Incoming first-year students will have the chance to learn more about the food they eat from a retired professional basketball player turned farmer in the Buckeye Book Community’s 2015 freshman book.
After a three-month process, the BBC has selected “The Good Food Revolution” by Will Allen as the book chosen for freshman to read before coming to Ohio State in the fall.
Incoming first-year students will receive this book at their orientation to read over the summer and discuss in their freshman survey class in the fall, said Jenna Dicicco, program coordinator of BBC.
“The Good Food Revolution” is the story of Allen’s decision to build a farming and educational center that now produces enough produce and fish year-round to feed thousands, according to a summary on the BBC website. Allen’s organization now advocates for the development of community food systems throughout the country.
The book was selected because of the variety of relevant topics it touches on, including life lessons, inspirational messages and plenty of stories and situations that many students can relate to, Dicicco said in an email.
“Many of the themes and topics in the book are relevant to first-year students’ lives as they transition to OSU, like choosing a career path, dealing with setbacks, physical health and wellness, clarifying values and passions and community activism,” Dicicco said.
There are many parts of the book that prompt thought-provoking questions and address complex issues that are important for first-year students to reflect on and discuss with peers, Dicicco added.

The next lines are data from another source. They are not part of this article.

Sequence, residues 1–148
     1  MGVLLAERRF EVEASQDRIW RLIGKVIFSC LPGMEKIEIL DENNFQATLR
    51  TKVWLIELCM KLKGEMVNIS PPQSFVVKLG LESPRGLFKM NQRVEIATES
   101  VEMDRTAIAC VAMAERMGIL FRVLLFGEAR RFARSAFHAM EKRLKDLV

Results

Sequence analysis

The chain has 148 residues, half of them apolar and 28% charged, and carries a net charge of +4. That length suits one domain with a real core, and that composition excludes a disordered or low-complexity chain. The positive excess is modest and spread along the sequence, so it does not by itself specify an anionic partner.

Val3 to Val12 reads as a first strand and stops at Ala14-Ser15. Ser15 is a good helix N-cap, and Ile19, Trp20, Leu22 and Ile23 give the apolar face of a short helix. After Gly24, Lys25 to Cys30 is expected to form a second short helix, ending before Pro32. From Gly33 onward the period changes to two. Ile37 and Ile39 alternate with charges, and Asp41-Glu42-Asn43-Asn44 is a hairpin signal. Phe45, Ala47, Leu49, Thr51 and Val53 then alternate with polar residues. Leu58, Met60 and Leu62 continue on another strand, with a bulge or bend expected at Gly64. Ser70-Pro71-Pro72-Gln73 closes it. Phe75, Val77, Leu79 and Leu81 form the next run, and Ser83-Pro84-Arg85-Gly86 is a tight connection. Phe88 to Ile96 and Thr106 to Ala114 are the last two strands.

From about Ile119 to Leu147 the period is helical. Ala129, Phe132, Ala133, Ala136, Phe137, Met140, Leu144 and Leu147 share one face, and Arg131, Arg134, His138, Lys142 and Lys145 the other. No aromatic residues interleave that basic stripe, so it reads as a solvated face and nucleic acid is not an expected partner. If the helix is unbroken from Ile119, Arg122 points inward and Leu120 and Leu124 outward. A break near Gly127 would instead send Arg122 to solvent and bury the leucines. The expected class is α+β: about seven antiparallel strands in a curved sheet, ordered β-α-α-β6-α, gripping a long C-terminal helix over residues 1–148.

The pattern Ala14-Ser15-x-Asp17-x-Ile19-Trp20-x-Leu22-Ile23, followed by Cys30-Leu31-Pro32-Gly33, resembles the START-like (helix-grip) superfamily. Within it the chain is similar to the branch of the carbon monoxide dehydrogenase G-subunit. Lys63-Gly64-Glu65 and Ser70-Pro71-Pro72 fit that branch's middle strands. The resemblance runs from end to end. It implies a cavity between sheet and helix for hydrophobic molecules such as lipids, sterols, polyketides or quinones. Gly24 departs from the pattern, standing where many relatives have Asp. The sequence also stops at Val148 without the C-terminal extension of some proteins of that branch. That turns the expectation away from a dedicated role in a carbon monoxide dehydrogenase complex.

“By reflecting and discussing these big ideas, students will develop critical thinking skills and learn to discuss complex issues with their peers, which are important aspects of the college experience in and out of the classroom,” she said.
First-year students will be able to discuss these issues in their survey class and when Allen visits OSU’s campus in the fall. The date is to be determined.
Dicicco said she is most excited about the different programming and partnership opportunities First Year Experience can develop related to this book because of the range of topics and themes covered.
“This means we can offer a wider variety of BBC campus events for students to attend, so they have more opportunities to choose an event that truly interests them,” Dicicco said.
Matt Inniger, a first-year in food, agricultural and biological engineering on the BBC committee, said he liked the book because it is applicable to science, technology, engineering and mathematics, or STEM, students.
“In the past, STEM students have had issues connecting with BBC books and the books are rarely used in STEM survey classes,” he said. “We’re hoping that this book can appeal to future doctors, engineers and scientists, as well as future lawyers, writers and teachers.”
Sustainability in food is another important issue the book addresses, Inniger added.
“Because sustainability in food is something that our generation will have to deal with, we’re hoping that students see the value in the lessons that the author learns in the book about work ethic and learning from failure, but we’re also hoping they realize the importance of sustainable food,” Inniger said.